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I have two stored procedures that are deadlocking when the system is under load. Proc A is selecting from a table while the Proc B is inserting into the same table. The Lock Graph is showing that Proc A has an S mode page lock that Proc B wants an IX mode lock for, Proc A however is waiting for an S mode page lock for a different page that Proc B already has a IX mode page lock on.

Clearly this could be sorted out by ensuring that both the queries lock pages in the table in the same order, but I can't figure out how to do that.

My question is: How does SQL Server determine what order to lock pages in while doing INSERTs and SELECTs and how can you modify this behaviour?

migrated from stackoverflow.com Dec 13 '11 at 15:35

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How does SQL Server determine what order to lock pages in while doing INSERTs and SELECTs a

Undetermined - done by internal processing and depending on query optimizer output.

and how can you modify this behaviour?

Control your isolation. If you read in order to write, tell SQL Server to immediately get a write lock. Point closed.

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Currently, proc A has a shared lock.

"No other transactions can modify the data while shared (S) locks exist on the resource." http://msdn.microsoft.com/en-us/library/aa213039%28v=sql.80%29.aspx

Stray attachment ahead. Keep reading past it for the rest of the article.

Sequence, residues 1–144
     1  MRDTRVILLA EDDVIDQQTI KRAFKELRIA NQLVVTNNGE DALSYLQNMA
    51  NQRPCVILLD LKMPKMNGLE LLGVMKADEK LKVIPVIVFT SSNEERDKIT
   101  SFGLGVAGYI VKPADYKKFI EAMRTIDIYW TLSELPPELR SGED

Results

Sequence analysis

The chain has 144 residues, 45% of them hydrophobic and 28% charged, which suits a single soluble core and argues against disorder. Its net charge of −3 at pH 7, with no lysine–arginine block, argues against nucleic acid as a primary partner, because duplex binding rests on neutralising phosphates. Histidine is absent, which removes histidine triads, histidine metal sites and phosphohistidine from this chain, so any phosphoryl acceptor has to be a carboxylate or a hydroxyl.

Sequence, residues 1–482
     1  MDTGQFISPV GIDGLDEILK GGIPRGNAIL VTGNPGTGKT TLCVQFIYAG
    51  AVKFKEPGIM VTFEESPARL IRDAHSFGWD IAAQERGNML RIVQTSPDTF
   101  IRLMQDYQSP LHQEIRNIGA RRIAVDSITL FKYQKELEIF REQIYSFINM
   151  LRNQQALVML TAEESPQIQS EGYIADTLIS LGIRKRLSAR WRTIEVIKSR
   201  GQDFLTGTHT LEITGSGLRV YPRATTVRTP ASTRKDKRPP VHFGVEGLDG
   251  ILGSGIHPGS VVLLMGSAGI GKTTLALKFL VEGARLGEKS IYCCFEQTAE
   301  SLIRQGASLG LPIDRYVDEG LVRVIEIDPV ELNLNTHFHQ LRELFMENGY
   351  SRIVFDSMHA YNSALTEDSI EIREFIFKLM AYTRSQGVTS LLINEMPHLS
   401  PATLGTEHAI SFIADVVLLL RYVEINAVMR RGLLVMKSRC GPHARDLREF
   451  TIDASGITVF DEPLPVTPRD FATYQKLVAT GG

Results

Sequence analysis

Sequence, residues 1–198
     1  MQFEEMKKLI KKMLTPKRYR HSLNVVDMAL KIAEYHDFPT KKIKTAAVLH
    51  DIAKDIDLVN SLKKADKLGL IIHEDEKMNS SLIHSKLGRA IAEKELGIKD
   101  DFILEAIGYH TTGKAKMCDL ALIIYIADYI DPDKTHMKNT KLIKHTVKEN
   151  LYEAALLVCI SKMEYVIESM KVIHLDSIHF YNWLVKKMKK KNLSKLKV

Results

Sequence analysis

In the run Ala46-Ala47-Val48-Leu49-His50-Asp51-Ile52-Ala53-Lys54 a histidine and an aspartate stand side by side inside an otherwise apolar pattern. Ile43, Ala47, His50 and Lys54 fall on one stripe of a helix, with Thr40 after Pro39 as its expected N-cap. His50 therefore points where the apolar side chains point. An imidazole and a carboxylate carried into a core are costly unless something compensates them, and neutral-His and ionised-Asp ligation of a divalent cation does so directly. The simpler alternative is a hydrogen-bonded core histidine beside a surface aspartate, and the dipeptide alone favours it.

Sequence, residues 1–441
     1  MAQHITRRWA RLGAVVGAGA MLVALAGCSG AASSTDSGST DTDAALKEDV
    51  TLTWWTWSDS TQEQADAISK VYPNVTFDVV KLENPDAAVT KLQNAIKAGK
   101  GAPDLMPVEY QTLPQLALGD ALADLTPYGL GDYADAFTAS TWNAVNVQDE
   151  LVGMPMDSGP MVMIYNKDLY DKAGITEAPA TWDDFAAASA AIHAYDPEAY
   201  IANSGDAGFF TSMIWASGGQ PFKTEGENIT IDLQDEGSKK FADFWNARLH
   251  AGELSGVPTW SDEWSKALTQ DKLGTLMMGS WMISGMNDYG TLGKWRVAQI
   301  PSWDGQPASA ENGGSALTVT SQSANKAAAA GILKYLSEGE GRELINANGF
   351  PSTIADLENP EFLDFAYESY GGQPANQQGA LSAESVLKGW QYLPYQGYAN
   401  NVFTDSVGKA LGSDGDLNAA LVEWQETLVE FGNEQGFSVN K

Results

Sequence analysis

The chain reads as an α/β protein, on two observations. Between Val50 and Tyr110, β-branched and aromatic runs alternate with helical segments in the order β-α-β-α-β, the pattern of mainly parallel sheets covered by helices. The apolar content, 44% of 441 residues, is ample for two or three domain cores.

If you are on sql 2005 or higher, try using snapshot isolation.

"The snapshot isolation level uses row versioning to provide transaction-level read consistency. Read operations acquire no page or row locks; only SCH-S table locks are acquired. When reading rows modified by another transaction, they retrieve the version of the row that existed when the transaction started. You can only use Snapshot isolation against a database when the ALLOW_SNAPSHOT_ISOLATION database option is set ON. By default, this option is set OFF for user databases." http://msdn.microsoft.com/en-us/library/ms189122.aspx

Since only Sch-S locks are acquired, your' read should not be able to block your' write.

"Schema stability (Sch-S) locks do not block any transactional locks, including exclusive (X) locks." http://msdn.microsoft.com/en-us/library/ms189122.aspx

Keep in mind, Snapshot Isolation Level makes heavy use of tempdb for row versioning, so size it appropriately and stick to best practices for tempdb disk strategies.

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